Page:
What a beautiful picture of shalom—the holistic well-being-in-community for which the Jewish prophets longed, and God promised. These values find fulfillment in the coming of Christ:
“‘Here is my servant whom I have chosen, the one I love, in whom I delight; I will put my Spirit on him, and he will proclaim justice to the nations’” (Matthew 12:17-20, NIV).
“He himself is our peace, who has made the two groups one . . .” (Ephesians 2:14, NIV).
“We have seen his glory, the glory of the one and only Son, who came from the Father, full of grace and truth” (John 1:14, NIV).
In Christ, grace and truth come together; justice and peace embrace. He calls us to truth-speaking, grace-giving, peacemaking, and justice-working, both as individuals and communities.
That being the case, we cannot remove social justice from our Christian agenda without doing violence to the King, who identifies completely with the hungry, thirsty, alien, naked, and incarcerated of the world.[xvi] Jesus’s Jewish ancestors were instructed by God to implement systemic correctives on behalf of the poor (gleaning laws, the Year of Jubilee, limitations of property accumulation, etc.), and his first followers worked to reduce the gap between rich and poor (through voluntary property redistribution, etc.).[xvii]
Of course, we cannot fulfill Christ’s call by sacrificing truth or peace in the name of pursuing justice. There must be room for honest questioning and fact-finding about any given social injustice, how it might best be remedied, and how this remediation can contribute to communal or national healing.
Perhaps the reason we struggle to hold justice, peace, and truth together as kingdom priorities is that we have not fully laid hold of God’s grace.
The centrality of grace distinguishes a Christian approach to justice. Grace is a free gift, breaking the cycle of tit-for-tat justice with creative goodwill. Grace liberates us for the work of collaborative problem-solving. It frees us to admit our injustices, take a hard look at uncomfortable truths, and make peace with adversaries. Grace allows us to treat members of other groups charitably.
As revealed in the cross, genuine grace is not cheap. In the face of falsehood and injustice, it speaks truth, extends forgiveness, and opens the door for repentance, reconciliation, and transformation. This is not a merely human effort; it is the graciousness of God pouring into and through human vessels. The cross explodes our self-righteousness and exposes our need for divine grace.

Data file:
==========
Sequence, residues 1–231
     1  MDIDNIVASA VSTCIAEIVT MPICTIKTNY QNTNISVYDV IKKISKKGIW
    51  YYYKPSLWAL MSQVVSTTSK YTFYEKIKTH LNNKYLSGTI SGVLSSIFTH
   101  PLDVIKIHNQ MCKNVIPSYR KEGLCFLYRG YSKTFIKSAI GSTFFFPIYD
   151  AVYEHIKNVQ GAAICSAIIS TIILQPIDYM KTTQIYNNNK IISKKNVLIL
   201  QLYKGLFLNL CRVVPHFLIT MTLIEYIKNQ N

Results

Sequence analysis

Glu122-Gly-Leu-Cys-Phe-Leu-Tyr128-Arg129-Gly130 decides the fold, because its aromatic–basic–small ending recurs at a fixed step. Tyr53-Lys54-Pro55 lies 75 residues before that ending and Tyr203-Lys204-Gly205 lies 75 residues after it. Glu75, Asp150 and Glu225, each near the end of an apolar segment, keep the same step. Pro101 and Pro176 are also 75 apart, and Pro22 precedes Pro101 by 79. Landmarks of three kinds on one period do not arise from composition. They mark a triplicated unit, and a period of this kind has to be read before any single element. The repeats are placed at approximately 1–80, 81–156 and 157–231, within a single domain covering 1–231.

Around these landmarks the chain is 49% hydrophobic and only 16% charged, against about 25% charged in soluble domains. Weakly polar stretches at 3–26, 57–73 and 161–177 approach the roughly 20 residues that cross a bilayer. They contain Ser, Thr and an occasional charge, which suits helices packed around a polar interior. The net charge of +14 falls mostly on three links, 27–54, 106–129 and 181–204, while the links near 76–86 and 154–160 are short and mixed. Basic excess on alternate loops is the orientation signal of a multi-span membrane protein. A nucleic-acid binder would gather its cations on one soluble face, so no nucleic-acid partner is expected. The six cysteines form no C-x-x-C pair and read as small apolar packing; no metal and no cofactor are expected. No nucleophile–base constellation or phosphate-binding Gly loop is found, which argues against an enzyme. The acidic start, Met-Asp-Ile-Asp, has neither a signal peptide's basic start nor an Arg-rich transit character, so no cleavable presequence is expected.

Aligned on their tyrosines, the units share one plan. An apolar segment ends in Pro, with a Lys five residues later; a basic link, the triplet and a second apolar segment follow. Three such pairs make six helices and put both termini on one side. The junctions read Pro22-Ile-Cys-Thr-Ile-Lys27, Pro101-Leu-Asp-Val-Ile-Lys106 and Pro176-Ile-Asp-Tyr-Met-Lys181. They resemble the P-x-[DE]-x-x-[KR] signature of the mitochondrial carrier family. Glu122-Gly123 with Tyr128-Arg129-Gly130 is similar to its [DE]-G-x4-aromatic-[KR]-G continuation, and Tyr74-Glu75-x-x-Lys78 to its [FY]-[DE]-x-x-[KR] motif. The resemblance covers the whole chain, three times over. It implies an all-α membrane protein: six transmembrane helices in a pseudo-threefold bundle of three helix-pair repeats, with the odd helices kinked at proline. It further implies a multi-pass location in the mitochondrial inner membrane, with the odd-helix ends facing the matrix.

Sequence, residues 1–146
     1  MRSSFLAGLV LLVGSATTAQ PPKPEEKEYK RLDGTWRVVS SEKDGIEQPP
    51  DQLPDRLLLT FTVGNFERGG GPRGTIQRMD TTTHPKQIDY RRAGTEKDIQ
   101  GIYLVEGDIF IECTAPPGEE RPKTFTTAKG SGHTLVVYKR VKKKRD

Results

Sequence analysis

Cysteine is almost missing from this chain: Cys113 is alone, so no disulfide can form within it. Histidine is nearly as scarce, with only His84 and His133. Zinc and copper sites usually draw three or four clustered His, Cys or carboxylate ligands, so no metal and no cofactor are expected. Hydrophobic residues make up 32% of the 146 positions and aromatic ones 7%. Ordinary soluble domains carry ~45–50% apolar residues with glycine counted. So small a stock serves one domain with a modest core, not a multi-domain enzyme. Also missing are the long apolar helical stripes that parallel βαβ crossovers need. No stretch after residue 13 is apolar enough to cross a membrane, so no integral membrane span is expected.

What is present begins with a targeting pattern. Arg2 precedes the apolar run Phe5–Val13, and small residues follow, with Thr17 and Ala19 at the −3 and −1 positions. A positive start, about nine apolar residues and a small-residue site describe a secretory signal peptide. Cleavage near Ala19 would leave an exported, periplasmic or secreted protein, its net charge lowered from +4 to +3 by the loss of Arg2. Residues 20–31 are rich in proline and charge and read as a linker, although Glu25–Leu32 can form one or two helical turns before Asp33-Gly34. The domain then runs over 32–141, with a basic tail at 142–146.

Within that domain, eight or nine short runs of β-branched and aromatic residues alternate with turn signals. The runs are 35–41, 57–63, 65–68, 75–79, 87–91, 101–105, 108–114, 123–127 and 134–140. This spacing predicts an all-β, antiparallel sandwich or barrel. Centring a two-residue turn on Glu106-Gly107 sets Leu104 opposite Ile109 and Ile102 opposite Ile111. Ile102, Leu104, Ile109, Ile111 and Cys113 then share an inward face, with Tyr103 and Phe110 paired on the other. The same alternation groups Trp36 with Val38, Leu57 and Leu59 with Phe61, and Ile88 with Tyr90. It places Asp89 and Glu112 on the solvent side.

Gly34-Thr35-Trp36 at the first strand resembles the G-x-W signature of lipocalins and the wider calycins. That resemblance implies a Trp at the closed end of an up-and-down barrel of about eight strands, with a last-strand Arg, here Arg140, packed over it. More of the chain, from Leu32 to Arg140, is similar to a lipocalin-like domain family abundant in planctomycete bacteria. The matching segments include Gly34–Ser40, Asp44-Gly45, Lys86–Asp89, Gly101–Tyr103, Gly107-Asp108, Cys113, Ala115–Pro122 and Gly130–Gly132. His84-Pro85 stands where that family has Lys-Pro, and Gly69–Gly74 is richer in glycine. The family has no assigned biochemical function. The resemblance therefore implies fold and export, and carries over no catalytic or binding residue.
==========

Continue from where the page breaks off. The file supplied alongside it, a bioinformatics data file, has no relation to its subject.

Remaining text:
Sociologist George Yancey contends that recognizing humanity’s sinfulness and need for divine grace is the key to moving toward genuine social justice without compromising truth or undermining peace. It allows members of a group that has profited from past oppressive policies to face their complicity in injustice without being paralyzed by guilt or shifting blame toward the victims. It enables members of historically oppressed groups to work for justice without demonizing others or excusing their own faults. Grace paves the way for reconciliation in accepting mutual responsibility to rectify lingering, systemic inequities together.[xviii]
So, how do we promote shalom in our communities, our nation, and the world?
Simply stated: Don’t cancel social justice. Bring grace.
[i] Joe Carter, “The FAQs: What Christians Should Know About Social Justice,” The Gospel Coalition, August 17, 2018, https://www.thegospelcoalition.org/article/faqs-christians-know-social-justice/.
[ii] For a good overview of justice in Scripture, see Chris Marshall, The Little Book of Biblical Justice (New York: Good Books, 2005).
[iii] G. K. Chesterton, Orthodoxy: The Romance of Faith (New York: Doubleday, 1990), pp. 44-45, italicized phrases mine.
[iv] Matthew 3:2, 4:17, 10:7; Mark 1:15 (NASB).
[v] Luke 18:16; Matthew 5:3-5.
[vi] Matthew 5:7-9.
[vii] Matthew 5:6, 10-12 (NCB).
[viii] Luke 4:18-19; Matthew 4:23-24; Mark 5:15; John 13:34, 17:20-23.
[ix] Luke 3:2-6; Mark 10:31, 42-45; Luke 6:20-26; 9:46-48, 22:25-27; John 9:39, 13:13-16.
[x] Luke 6:27-31; Matthew 5:21-24, 38-45; 6:12-15, 26:52.
[xi] Mark 12:28-31; Matthew 5:17-20, 46-48; John 13:34-35.
[xii] Luke 8:42b-48, 15:1-31, 17:11-19; John 4:4-26, 9:1-7, 35-37.
[xiii] Matthew 6:1-6, 19-24, 7:3-5; Mark 7:5-23; Luke 8:11-18.
[xiv] Matthew 5:48 (NIV).
[xv] Matthew 5:48 (CEB).
[xvi] Matthew 25:34-36.
[xvii] Deuteronomy 24:19-22, 28-29; Exodus 23:10-11; Leviticus 25; Acts 4:32; 2 Corinthians 8:1-15; James 2:1-9.
[xviii] See George Yancey, Beyond Racial Gridlock: Embracing Mutual Responsibility (Downers Grove, IL: Intervarsity Press, 2006); George Yancey, Beyond Racial Division: A Unifying Alternative to Colorblindness and Antiracism (Downers Grove, IL: Intervarsity Press, 2022).